large image

Trusted Reviews is supported by its audience. If you purchase through links on our site, we may earn a commission. Learn more.

Honor 8 Pro Review



rating-star rating-star rating-star rating-star rating-star


  • Fast performance
  • Good camera quality
  • Thin, attractive design
  • Big battery


  • Downgraded fingerprint scanner
  • Poor standby time
  • No fast-charging

Key Specifications

  • Review Price: £474.99
  • HiSilicon Kirin 960 chipset
  • 6GB RAM
  • 4000mAh battery
  • EMUI 5.1/Android 7.0
  • 12MP + 12MP dual-sensor f/2.2 camera
  • 5.7-inch quad-HD display

What is the Honor 8 Pro?

Honor is a sub-brand of Chinese company Huawei normally known for cheaper mid-range phones, but the Honor 8 Pro is the brand’s priciest phone yet. It’s also Honor’s most accomplished thanks to an attractive, slim design, fast performance and a generously sized battery.

If you like the look of the Huawei P10 Plus but can’t stomach the price, then the 5.7-inch Honor 8 Pro is worth serious consideration.

Honor 8 Pro – Design

From the front, the Honor 8 Pro looks like a bigger version of the previous Honor 8. I had the Navy Blue versions of the Honor 8 and Honor 8 Pro models in for review, and the finish on both is identical. Black and Gold options are available, too, but I rather like the blue. It makes a statement, and is in keeping with the Honor brand’s more fun character.

The design of the Honor 8 and Honor 8 Pro only really begins to deviate when you flip the phones over. The Honor 8’s noteworthy design feature was its 15-layer glass rear. This had 3D grating and lithography, meaning it caught the light and shimmered in a rather dazzling way. It was a fun visual flourish that served no real purpose other than to look fancy.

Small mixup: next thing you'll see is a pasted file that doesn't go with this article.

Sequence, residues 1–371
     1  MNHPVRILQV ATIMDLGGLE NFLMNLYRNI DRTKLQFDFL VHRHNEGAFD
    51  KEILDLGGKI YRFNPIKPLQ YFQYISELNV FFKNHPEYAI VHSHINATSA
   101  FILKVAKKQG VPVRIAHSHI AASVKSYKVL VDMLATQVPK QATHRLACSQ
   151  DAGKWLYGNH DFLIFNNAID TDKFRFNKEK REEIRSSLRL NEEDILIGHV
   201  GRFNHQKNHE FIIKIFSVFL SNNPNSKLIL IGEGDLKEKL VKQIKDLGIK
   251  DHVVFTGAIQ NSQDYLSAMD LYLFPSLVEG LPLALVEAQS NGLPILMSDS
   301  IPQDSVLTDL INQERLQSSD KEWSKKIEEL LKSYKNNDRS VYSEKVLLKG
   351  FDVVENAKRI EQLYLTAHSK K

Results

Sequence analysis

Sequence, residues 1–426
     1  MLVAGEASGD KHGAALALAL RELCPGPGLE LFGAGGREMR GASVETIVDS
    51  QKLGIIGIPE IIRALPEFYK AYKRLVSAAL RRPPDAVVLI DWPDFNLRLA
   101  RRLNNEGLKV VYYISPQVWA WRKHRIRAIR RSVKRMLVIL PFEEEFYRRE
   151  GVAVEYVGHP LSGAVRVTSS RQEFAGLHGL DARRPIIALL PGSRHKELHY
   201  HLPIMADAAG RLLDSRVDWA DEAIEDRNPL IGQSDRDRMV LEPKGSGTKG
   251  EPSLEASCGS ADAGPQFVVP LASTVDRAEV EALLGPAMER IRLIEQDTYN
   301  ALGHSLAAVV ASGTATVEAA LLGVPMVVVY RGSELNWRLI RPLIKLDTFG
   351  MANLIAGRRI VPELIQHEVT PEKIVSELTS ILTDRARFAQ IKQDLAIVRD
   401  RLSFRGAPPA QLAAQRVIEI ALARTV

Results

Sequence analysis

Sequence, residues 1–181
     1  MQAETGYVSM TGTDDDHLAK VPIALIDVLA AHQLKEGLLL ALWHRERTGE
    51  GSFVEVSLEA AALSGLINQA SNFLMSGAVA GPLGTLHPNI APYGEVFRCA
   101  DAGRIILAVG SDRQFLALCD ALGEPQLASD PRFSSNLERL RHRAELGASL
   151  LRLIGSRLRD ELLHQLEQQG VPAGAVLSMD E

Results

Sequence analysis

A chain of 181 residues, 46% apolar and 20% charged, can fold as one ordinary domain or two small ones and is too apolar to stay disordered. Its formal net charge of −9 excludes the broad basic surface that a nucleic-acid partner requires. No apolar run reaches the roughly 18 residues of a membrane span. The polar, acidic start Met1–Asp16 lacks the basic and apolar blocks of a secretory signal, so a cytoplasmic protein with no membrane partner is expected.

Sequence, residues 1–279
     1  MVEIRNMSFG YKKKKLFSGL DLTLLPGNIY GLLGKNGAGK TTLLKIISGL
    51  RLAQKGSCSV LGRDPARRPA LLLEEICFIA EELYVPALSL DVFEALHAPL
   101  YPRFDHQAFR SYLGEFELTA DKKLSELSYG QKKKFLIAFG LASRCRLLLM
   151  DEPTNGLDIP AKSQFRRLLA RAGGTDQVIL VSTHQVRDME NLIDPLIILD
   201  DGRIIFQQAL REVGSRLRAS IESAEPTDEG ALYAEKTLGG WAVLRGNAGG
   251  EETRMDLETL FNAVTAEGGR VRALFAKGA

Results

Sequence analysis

The Honor 8 Pro is a little more mundane, though, with its matte finish. Although there’s nothing wrong with it – in fact, some may well prefer it – I just find it a little boring. At least it’s less prone to fingerprints than its smaller sibling.

Related: Best Smartphones

Honor 8 Pro 3

Like the Honor 8 – and unlike Huawei’s own recent P10 and P10 Plus phones – the fingerprint sensor on the Honor 8 Pro resides on the back of the phone. The circular sensor is just as swift and responsive as any of Huawei’s previous offerings, which have always tended to impress.

What appears to be missing compared to the Honor 8 is the ability to use the fingerprint scanner as a “Smart Key”. It was previously possible to select the action of a single- or double-press, but now the scanner no longer has a button functionality, which is a shame.

You can turn on the option of holding your finger over the scanner to take a photo when the Camera is open, or swiping down to access the notifications pane – but that’s it. The latter is something I’ve often relied on, however, and helps mitigate against the size of the phone somewhat.

Honor 8 Pro 5

What the Honor 8 Pro really has going for it is that it’s super-svelte for a 5.7-inch phone. In fact, at 6.97mm, it’s thinner than the Honor 8 and an iPhone 7 Plus. The bezel along the edge of the display are kept to a minimum, leaving you with a phone that fits rather nicely in your hands. The Honor 8 Pro feels well constructed, too, and certainly fitting of its price tag.

The Honor 8 Pro charges over USB Type-C, but there’s no quick charging facility for its gargantuan 4000mAh battery. Instead, a full charge takes one hour and 50 minutes, which felt about right. Next to the charging port you’ll find a 3.5mm headphone jack, which, despite the phone’s thinness, hasn’t been sacrificed.